So one day I roll up to work without a book, which is quite a distressing situation considering I work about an hour away by public transport. Naturally I go to the library to grab a book (or four, actually, but that’s a whole other issue) with which to entertain myself on the way home. One of these, and the book I actually started reading, was Sleeping Giants. I knew nothing about it going in but it turned out to be amazing.
Plot summary: Deadwood, USA. A
girl sneaks out just before dark to ride her new bike. Suddenly, the
ground disappears beneath her. Waking up at the bottom of a deep pit,
she sees an emergency rescue team above her. The people looking down see
something far stranger…
girl grows up to be Dr. Rose Franklyn, a brilliant scientist and the
leading world expert on what she discovered. An enormous, ornate hand
made of an exceptionally rare metal, which predates all human
civilisation on the continent.
object whose origins and purpose are perhaps the greatest mystery
humanity has ever faced. Solving the secret of where it came from – and
how many more parts may be out there – could change life as we know it.
But what if we were meant to find it? And what happens when this vast, global puzzle is complete…?
I think it’s probably best to read Sleeping Giants without knowing too much about the plot, like I did, so I’m going to keep it vague. Suffice it to say that the story just flies past and I’d finished the book before I knew it.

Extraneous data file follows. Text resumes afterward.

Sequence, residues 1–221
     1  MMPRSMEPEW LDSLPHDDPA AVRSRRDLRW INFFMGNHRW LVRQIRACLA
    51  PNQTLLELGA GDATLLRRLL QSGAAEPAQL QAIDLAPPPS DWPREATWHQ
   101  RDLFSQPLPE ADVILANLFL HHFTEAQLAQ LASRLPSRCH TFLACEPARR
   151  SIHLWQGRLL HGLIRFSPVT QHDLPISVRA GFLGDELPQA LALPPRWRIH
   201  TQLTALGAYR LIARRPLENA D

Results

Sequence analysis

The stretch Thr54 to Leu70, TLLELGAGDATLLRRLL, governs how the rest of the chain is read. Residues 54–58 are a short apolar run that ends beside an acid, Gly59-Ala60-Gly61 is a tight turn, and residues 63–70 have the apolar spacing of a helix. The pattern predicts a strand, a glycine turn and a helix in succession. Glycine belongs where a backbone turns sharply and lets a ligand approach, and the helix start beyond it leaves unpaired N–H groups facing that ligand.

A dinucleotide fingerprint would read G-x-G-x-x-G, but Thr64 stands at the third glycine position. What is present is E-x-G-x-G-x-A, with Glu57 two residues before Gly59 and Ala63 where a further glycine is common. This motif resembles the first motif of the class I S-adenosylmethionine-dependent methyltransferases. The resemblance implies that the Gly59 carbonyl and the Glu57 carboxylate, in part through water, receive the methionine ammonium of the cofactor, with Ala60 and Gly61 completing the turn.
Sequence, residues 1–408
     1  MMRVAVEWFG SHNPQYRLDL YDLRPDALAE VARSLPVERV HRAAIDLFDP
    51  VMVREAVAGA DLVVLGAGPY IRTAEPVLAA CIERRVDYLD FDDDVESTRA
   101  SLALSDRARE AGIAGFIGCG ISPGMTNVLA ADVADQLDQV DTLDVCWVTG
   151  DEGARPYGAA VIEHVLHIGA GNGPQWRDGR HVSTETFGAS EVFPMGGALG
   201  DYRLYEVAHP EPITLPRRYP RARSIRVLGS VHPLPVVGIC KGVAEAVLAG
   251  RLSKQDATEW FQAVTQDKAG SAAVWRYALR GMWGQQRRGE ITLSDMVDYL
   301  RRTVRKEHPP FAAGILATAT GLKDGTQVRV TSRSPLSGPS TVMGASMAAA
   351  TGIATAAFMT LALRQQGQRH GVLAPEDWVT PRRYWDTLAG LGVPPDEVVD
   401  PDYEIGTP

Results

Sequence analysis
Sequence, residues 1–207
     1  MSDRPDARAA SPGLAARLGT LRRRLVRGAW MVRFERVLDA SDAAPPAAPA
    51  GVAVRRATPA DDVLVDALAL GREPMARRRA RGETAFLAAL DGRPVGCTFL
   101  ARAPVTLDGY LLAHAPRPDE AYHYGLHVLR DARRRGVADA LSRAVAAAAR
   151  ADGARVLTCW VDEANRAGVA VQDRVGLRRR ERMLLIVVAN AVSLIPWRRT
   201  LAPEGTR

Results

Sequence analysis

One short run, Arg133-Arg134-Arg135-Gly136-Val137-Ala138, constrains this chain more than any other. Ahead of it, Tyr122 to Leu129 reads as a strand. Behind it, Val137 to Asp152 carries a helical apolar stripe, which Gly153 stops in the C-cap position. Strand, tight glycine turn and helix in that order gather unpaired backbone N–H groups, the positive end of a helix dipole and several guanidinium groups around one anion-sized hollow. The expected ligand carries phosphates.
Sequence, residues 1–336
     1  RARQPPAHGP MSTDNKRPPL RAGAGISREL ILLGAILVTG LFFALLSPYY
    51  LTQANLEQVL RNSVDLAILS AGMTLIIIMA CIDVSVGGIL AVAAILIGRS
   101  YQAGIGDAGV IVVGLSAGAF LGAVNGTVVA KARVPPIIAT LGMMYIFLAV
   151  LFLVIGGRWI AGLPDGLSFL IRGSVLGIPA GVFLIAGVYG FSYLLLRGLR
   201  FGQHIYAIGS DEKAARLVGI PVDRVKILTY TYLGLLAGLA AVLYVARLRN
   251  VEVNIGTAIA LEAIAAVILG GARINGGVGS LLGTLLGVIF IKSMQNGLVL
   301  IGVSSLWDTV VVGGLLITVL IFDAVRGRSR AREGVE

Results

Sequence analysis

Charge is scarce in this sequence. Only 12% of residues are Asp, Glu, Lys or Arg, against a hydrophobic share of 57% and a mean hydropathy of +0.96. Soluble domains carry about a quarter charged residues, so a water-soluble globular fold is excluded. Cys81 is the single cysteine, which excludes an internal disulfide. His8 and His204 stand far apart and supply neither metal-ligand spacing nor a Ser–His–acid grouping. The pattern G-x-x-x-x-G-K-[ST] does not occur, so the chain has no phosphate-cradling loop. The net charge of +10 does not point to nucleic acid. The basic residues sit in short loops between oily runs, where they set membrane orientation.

It’s not told in the standard, narrative prose. Instead, it’s comprised of a series of interviews conducted by a myserious, yet ever present, figure. Part of the mystery is determining exactly who this individual is, and why he’s so interested in the recently discovered rare metal. The interviews allow each of the characters to move the story on, but also to share their own views and opinions which are occasionally controversial.
It works really well – you never actually see anything happen, as you’re told about everything second-hand, but it still somehow feels like an action-packed novel. It also means that you can feel the characters reactions more viscerally than if you were merely reading it from the distance of a third person voice.
The plot takes some quite dark turns, which demonstrate that it’s clearly not meant for a younger audience. I think I might have actually gasped twice. It’s a very odd experience, being shocked by an event that you’re reading one person relay to another, and it possibly makes even more of an impact.
Sleeping Giants ends on a bit of a cliffhanger, but quite an obvious one. I did see it coming, but it’s a twist that I feel positive about so I can’t say I really mind. I’ve already reserved the next book, Waking Gods, at the library and I’m definitely looking forward to reading it.
I’d really recommend this book if you’re looking for accessible, action-packed sci-fi with a dark twist.